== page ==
Another glaring void is the information system package for communication with all the required entities including calling in required shooters. A Special Operations Command Post (SOCP) that was to be developed has again been delayed by more than a decade despite the fact that single vendor indigenous capability existed and the vendor had actually sold the software to the Special Group of the Special Frontier Force (SFF). Ironically, mired with red tape, development of the SOCP under powers of Army Training Command (ARTRAC) was eventually shelved and the requirement has been dovetailed into the battlefield management system (BMS) which itself has been hiccupping in delays and has recently taken the next step, the expression of interest (EoI) has recently been issued on November 11, 2013. If all goes well then prototype development and fielding for user evaluation is likely to happen by December 2016 and equipping from 2017 if the trials are successful. This schedule is possible only if there are no more hurdles. In general terms, the equipment lacking currently with the Special Forces are light-weight hand-held laser target designators, information system package to communicate with required entities to include voice, data, video streaming, light weight long-range global communications to call multiple weapon strikes, state-of-the-art listening and surveillance devices—from miniature devices hand-held to micro-aerial vehicles (MAVs), helicopter transportable all-terrain vehicles, corner shots, goggles/devices to see through walls, hand-held electronic warfare (EW) weapons, state-of-the-art explosive devices with long-term timers, all-terrain light-weight clothing and load carriage, latest survival equipment, etc.
What has also hit equipping of Special Forces is the unprecedented expansion of Special Forces in completed contrast to global norms ignoring the overall dilution including in terms of manpower, training, equipping—all culminated into lowered combat capability. The Army already has eight Special Forces battalions and the ninth such unit is under raising. The tenth one is to be raised after this raising is completed. This is in stark contrast to expansion of Special Forces in foreign armies. The average authorised rate of annual expansion of the USSF remained constant at 1.8 per cent for many years but was raised to 2.5 per cent in 2011 because of global commitments. In our case, we went in for a 120 per cent increase in period 2001-04 alone including converting 3 x Para battalions to Special Forces and adding the fourth assault team in all Special Forces units. The unprecedented expansion was resorted to by deliberately feeding the hierarchy that 20,000 USSF were operating in Iraq and Afghanistan, which was untrue since this included 82 and 101 Airborne Divisions of the US. Actually even in the peak period of USSF deployment only 90 x Operation Detachments Alpha (ODAs) were physically used (each ODA is 10-12 strong). This happened because unlike any other country in the world, the Army’s Special Forces battalions and the Parachute Battalions are grouped in the same regiment and whenever the Parachute Regiment was headed by a Colonel of the regiment without any Special Forces experience, the whole emphasis was to somehow convert the entire Parachute Regiment into Special Forces, in complete disregard to the adverse consequences to the overall Special Forces capability and the concept of the Special Forces. The two star appointment in Military Operations Directorate as Additional Director General (Special Forces) is headed by a paratrooper (not Special Forces) officer since its raising few years ago, which continues till date. To top this, the one star appointment under him designated as Deputy Director General (Special Forces) gets posted by an officer from the unit/regiment of the prevailing Army Chief merely to get a stamp of serving with the Military Operations Directorate. The effect of all this has been that weapons and equipment imported for Special Forces battalions get distributed among normal parachute units. This plus the new raisings in rapid succession is seriously affecting the manpower and in equipping the existing Special Forces battalions. Special Forces battalions that should be holding some nine lakh rounds of ammunition for imported Tavor assault rifles are down to about 40,000 rounds. How this affects even routine firing training needs no explanation. This is just one example. Yet, the hierarchy remains oblivious. There is certainly a need for reflection. What the Special Forces need is consolidation not expansion, and packaged state-ofthe-art equipping.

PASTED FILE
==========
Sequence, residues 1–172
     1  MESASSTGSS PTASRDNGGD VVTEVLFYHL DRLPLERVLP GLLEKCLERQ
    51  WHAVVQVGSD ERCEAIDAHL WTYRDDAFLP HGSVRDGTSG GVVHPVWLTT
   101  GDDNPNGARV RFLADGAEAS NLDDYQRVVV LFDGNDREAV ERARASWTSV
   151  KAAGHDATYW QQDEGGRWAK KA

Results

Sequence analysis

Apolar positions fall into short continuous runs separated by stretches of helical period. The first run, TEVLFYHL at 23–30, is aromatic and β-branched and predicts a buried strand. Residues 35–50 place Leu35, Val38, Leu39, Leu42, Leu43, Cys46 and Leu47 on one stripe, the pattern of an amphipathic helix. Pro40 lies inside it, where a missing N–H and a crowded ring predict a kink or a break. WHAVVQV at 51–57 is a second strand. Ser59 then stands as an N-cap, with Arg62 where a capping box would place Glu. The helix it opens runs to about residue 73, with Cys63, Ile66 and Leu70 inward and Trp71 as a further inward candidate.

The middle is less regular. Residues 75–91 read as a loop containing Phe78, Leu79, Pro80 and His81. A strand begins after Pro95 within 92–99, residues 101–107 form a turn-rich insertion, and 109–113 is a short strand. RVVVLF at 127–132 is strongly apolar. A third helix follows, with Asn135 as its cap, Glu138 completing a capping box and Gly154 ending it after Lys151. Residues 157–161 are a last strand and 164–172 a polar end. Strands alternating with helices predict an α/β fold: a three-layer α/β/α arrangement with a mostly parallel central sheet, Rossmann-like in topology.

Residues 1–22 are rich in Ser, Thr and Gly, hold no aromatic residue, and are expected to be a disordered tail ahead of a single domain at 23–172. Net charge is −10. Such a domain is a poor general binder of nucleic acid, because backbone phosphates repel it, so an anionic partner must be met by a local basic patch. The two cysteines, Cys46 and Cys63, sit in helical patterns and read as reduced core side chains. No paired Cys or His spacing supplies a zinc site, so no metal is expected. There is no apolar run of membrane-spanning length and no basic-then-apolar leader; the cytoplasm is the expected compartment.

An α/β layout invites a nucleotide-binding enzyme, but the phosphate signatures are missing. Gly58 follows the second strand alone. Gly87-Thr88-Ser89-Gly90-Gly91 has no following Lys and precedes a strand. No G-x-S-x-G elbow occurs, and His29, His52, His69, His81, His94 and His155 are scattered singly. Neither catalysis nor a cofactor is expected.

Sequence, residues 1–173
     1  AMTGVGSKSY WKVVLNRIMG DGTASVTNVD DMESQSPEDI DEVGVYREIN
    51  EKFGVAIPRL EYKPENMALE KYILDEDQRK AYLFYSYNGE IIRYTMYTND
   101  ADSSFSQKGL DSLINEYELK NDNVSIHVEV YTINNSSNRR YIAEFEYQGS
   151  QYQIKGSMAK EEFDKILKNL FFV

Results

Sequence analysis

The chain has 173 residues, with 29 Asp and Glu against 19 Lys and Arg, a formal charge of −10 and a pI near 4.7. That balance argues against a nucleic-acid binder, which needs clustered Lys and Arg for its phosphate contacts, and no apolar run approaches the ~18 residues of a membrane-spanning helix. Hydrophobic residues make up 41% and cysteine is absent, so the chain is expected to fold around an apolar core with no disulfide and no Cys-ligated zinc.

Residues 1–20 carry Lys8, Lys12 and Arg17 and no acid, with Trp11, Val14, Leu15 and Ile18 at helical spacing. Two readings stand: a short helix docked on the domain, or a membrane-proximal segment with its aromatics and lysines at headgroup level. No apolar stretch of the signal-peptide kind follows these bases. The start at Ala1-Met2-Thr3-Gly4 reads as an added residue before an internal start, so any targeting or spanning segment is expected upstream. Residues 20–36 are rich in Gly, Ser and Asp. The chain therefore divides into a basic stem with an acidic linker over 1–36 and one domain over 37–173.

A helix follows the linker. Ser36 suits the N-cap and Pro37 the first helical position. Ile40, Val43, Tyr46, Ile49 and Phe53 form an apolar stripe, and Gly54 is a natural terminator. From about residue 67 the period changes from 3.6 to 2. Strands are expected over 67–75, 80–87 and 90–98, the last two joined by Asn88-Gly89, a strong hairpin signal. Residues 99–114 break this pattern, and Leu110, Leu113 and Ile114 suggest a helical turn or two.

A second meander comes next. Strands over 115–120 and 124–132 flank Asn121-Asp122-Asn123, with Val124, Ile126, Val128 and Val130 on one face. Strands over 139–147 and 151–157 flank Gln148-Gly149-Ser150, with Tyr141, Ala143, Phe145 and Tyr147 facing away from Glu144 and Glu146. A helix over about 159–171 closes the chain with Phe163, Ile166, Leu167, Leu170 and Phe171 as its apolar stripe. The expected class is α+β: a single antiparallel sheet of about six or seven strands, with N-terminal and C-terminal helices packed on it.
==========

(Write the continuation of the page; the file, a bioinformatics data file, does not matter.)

Para commandos of the Indian Army
with Tavor automatic weapons